I’ve been gravitating to short story collections these first months of 2011, more than usual. A few weeks ago I read Alexander MacLeod’s Light Lifting (excellent). Next, I have Michael Kardos’ debut collection One Last Good Time on my reading table. I’m more eager to read it than the novels sitting next to it. Perhaps this is a reaction to the doorstopper novel I’m still trying to finish, which by the way has turned into a best-seller since I started it. Well, it involves witches and vampires, so no surprise. I tend to lose my patience with the living dead and so ditched them to read Siobhan Fallon’s debut story collection about army wives. It was an enjoyable respite.
Fallon knows her material from first-hand experience. She’s an army wife whose husband was deployed to Iraq for two tours of duty. She now lives in the Middle East with her soldier husband but previously lived at Fort Hood during the deployments. The Texas army base is the central setting for her stories, a world of 40,000 soldier families living in varying types of housing units under the rules of the base. In an author’s note, Fallon says grass must be mowed before it reaches a certain height.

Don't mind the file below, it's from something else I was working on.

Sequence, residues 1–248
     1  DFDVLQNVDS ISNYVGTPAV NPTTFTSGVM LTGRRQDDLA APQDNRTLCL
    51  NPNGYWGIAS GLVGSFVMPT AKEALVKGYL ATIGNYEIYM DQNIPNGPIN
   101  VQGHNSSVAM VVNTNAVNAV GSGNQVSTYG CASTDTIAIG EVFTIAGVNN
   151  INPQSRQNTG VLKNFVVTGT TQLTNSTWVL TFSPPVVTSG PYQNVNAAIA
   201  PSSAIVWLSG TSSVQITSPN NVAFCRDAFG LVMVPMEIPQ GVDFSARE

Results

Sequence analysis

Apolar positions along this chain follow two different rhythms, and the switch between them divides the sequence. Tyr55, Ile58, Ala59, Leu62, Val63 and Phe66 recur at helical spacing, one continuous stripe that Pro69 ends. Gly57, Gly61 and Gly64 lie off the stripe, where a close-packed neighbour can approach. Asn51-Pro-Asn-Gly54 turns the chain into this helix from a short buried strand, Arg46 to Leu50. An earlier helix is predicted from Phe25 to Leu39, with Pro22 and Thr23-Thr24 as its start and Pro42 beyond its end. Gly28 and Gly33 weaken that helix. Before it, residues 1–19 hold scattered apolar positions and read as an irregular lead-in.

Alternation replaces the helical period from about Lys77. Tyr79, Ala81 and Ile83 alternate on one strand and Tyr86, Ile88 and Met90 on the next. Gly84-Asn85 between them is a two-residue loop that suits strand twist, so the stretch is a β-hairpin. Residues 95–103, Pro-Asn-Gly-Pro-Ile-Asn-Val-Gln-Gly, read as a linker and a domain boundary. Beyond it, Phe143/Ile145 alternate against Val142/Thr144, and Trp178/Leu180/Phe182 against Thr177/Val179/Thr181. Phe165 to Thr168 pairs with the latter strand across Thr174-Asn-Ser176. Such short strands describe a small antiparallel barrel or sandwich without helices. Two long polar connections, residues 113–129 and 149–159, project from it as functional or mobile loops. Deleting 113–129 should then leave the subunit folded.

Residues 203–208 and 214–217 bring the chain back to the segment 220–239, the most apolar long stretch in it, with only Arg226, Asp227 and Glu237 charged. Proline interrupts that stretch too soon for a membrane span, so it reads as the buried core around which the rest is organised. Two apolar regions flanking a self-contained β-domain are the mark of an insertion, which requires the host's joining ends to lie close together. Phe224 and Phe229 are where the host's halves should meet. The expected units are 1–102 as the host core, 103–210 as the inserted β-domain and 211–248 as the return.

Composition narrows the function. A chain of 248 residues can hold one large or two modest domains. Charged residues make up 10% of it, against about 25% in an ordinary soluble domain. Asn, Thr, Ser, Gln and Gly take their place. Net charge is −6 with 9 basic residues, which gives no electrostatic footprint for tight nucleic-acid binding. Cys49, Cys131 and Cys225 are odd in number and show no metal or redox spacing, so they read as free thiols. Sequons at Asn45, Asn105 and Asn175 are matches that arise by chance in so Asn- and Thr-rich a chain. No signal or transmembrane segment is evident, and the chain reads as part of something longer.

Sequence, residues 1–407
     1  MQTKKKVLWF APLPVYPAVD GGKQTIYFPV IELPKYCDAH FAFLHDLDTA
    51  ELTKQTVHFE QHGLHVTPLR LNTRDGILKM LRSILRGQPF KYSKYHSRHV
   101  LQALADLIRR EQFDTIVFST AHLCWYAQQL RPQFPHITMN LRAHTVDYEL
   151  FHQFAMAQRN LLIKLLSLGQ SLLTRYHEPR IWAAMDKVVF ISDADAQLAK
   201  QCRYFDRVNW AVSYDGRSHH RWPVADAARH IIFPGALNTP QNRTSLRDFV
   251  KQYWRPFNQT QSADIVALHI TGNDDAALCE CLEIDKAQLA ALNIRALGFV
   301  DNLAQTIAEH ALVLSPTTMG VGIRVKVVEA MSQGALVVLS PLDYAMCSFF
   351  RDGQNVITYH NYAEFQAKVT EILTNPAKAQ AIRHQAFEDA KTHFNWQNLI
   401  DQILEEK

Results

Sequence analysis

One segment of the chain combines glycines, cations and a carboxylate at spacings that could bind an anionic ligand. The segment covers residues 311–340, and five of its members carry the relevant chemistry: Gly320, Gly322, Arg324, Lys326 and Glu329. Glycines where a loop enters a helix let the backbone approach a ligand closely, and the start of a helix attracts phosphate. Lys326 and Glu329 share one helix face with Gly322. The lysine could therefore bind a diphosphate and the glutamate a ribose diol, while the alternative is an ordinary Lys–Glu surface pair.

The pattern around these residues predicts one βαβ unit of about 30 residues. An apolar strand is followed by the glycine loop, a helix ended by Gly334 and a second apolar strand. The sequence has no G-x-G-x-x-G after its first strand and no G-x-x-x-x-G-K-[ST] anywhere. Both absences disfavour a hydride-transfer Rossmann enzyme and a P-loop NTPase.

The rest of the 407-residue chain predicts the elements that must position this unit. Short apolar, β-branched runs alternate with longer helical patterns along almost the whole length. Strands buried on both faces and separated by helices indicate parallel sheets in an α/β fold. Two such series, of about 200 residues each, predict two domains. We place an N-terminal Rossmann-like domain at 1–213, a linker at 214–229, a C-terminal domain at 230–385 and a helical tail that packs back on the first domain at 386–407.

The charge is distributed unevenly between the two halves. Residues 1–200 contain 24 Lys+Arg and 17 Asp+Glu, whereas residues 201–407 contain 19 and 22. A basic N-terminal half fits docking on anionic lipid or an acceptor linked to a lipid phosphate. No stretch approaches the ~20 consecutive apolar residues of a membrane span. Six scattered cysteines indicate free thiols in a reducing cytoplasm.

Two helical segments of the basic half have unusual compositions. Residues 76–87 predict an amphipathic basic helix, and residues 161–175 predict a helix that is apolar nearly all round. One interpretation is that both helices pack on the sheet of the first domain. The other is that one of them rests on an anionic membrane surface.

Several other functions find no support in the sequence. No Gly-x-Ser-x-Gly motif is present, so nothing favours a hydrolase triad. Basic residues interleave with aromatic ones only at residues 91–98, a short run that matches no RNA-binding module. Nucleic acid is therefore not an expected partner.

She allows the base environment to color her stories with just enough detail to illustrate the effect of interminable waiting that comes with being married to a deployed solider. Some wives in the eight stories handle the long, gray nothingness between departure and return stoically; some walk away without warning, ripping from their husbands the emotional anchor they depend on. And then there’s the soldier who’s retained at Fort Hood because his wife is battling cancer. It creates tension his wife cannot share with the other wives. Fallon writes, “John being home made her different from everyone else in a way that even the cancer did not.”
What makes these stories so engaging is they claim neither good nor bad spouses, including the soldier who cheats on his wife in Iraq and the wife who hands her wounded husband separation papers the day after he returns. All the men and women are likeable in this collection because they are ordinary and without malice. It’s one of the many ways these stories are special – they exact overarching compassion and grip us not with blame or an emotional, gut-wrenching twist, rather with a reality revealed.